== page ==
Feeling Anxious: Practical Steps to Stop This Runaway Train

Anxiety is a natural response to stressful and worrisome situations in life. We all get anxious once in a while, and after the situation which caused the stress is over, most of us feel the worry and tension melt away and we return to a healthy state of mind and go on with our lives. 

For some people, it is not as easy, and sometimes, it is even impossible to return to a state of calm. They continue to experience the excessive amount of irrational anxiety, fear, panic, tension, and worry even when there is no apparent cause for all these feelings to occur. This kind of anxiety is called generalized anxiety disorder (GAD), and it interferes with daily life and functioning of about 7 million U.S. adults. 

Some people have a hard time distinguishing between past traumatic events and current situations, and some sounds, sights, or triggers make them feel negative emotions. They might perceive a particular situation as dangerous, even though in reality, there is nothing threatening happening. GAD can develop at any point in life and can be short-lived or a life-long condition affecting the quality of life greatly. 

Anxiety disorder very often co-occurs with depression, panic disorder, social and other kinds of phobia, post-traumatic stress disorder, obsessive-compulsive disorder. This combination can make symptoms worse and recovery complicated. 

Possible GAD Complications

  • Depression – it is a widespread condition that can co-occur with anxiety and increase the risk of suicide. 
  • Bipolar disorder – GAD goes hand in hand with a panic disorder, which is a common symptom of bipolar disorder.
  • Increased risk for substance abuse – it is a form of self-medication and, in many cases, used when there is social phobia.
  • Insomnia – sleep can be significantly affected by anxiety disorders, as well as disrupted sleep, which can cause anxiety.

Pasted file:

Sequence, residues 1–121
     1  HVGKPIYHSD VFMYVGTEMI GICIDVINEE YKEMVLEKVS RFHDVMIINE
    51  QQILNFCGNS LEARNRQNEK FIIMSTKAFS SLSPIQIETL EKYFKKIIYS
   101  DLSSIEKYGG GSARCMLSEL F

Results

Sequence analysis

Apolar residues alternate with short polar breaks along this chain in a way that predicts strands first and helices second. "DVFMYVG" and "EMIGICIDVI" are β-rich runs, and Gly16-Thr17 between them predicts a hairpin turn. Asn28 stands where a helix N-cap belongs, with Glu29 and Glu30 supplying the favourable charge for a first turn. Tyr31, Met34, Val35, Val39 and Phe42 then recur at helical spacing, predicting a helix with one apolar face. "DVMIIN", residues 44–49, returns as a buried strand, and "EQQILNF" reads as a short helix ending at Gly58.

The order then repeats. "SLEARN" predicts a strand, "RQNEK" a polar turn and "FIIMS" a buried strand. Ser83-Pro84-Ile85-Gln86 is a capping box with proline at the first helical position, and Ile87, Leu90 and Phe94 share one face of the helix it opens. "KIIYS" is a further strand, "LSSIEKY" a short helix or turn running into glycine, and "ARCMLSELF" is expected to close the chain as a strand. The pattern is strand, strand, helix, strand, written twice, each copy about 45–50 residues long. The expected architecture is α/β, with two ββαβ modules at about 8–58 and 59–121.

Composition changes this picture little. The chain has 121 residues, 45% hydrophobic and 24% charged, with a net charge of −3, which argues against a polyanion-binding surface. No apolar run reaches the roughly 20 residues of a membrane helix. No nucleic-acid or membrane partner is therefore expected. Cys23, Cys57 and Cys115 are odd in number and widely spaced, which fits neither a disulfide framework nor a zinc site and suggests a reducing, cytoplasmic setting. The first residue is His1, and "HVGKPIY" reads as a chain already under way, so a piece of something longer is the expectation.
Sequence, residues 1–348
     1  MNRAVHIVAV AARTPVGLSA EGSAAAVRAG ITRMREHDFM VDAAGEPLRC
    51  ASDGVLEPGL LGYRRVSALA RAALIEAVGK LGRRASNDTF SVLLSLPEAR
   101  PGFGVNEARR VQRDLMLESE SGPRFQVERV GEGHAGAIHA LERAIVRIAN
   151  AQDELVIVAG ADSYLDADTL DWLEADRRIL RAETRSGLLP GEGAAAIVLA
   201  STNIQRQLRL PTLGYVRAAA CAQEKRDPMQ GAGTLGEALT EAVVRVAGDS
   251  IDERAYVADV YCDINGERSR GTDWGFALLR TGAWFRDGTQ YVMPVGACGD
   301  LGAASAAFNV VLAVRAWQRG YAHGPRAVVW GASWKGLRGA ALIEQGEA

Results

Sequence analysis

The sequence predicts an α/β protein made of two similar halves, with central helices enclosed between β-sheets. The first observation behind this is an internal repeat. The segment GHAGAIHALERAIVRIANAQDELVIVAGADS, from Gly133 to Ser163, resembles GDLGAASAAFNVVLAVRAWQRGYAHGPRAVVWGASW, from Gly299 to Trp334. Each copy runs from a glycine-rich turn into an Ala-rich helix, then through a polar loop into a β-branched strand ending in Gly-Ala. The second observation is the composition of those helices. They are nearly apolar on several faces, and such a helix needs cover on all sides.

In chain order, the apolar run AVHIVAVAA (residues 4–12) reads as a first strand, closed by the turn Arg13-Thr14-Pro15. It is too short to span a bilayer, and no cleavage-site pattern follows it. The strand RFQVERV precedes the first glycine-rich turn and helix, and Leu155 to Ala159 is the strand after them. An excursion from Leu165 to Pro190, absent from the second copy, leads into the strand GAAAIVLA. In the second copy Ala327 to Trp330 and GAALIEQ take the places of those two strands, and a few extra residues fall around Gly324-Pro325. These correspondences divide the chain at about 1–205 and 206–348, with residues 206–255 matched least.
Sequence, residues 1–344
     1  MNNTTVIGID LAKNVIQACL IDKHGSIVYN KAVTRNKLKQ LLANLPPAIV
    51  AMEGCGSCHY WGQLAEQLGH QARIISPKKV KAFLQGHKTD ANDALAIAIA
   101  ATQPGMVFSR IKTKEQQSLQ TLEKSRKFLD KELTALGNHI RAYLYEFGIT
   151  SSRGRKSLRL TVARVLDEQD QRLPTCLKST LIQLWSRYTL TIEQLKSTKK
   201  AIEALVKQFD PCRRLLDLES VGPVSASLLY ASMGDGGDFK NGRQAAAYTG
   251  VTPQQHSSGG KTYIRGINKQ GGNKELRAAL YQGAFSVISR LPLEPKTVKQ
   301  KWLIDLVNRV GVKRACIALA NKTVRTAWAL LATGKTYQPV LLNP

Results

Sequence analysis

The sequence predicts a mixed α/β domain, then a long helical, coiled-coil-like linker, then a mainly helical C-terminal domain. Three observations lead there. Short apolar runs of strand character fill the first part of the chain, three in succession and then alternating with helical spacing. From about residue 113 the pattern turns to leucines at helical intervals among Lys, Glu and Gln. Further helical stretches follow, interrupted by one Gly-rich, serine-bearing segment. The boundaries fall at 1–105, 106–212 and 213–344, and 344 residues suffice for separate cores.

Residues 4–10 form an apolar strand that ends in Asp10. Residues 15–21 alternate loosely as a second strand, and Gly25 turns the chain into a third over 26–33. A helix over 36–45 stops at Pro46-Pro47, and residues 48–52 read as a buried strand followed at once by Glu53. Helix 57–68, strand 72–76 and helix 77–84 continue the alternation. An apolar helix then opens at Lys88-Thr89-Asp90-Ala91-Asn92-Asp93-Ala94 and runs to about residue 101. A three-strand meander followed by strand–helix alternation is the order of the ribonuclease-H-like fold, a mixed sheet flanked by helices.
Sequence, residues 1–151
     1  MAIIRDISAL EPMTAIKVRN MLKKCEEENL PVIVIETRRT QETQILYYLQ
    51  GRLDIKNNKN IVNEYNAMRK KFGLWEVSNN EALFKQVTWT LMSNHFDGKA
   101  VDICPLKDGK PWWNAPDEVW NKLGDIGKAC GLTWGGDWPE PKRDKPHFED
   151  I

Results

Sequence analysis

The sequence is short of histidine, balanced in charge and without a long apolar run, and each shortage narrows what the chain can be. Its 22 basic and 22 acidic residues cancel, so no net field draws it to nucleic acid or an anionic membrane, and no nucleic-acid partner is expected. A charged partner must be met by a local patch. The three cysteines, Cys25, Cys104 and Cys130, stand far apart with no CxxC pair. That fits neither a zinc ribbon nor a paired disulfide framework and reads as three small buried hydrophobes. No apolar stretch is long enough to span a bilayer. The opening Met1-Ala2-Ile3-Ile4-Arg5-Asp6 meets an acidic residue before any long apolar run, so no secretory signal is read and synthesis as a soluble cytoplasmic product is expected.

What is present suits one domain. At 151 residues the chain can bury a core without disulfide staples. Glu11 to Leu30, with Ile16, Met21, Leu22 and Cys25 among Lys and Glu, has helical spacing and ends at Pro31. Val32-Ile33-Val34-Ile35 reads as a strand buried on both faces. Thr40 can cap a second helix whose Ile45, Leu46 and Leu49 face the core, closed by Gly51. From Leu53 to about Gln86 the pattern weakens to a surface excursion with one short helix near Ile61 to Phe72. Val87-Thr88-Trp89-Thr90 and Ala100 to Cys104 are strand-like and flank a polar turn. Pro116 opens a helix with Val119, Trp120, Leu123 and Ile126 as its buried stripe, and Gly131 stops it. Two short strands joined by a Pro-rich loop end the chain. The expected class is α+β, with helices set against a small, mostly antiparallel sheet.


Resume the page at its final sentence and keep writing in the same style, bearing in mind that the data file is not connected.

• Headaches – could be tension and/or migraine headaches.
  • Gut problems – gut-brain axis plays a crucial role in mental health. Stress, traumatic brain injuries, and many other factors affect mental health. Half of the cases of IBS are associated with anxiety.
  • Negatively affect your heart health – anxiety can lead to unhealthy cholesterol levels, thicker blood vessels, and high blood pressure.
  • Obesity – one can lead to the other and vice versa. 
  • Allergic conditions – associated with hay fever, eczema, food allergies, hives, conjunctivitis.

Most Common Signs & Symptoms

  • Obsessive anxiety and worry – worrying about many different things and having trouble controlling those feelings. Sometimes people can’t even pinpoint what the exact source of their worry is and why they are feeling so overwhelmed. 
  • Feeling tired – it is exhausting to experience the constant worry, therefore fatigue is very common.
  • Having difficulty with concentration – could often experience a blank mind and brain fog.
  • Being on edge – restless or feeling wound-up, irritable.
  • Experiencing sleep disturbances – it can be difficult to fall asleep and/or stay asleep throughout the night. Restless, non-restoring sleep is common. 
  • Having muscle tension – very common to feel pain and tension in neck/shoulder and back area.
  • Flat mood – no emotions, monotone voice, apathy.

Causes and Risk Factors

  • Gender – women are almost twice as likely to experience anxiety disorders as men. 
  • Traumatic events – physical or emotional trauma can trigger the development of anxiety disorders, especially PTSD – post-traumatic stress disorder. 
  • Medical conditions – some medical conditions, such as migraines, chronic fatigue syndrome, IBS, GERD, premenstrual syndrome, hypothyroidism, and sleep apnea have been associated with an increased risk of developing anxiety disorders.
  • Genetic predisposition – could be caused by some genetic SNPs (single nucleotide polymorphisms), such as under or over-methylation, low folate, pyroluria, copper overload. Tests for that are available. A family history of anxiety can also predispose someone to it more. 
  • Biology related – a nutrient-poor diet has adverse effects on brain biology. 
  • SAD (standard American diet) could lead to leaky gut and dysbiosis, which can affect the brain health.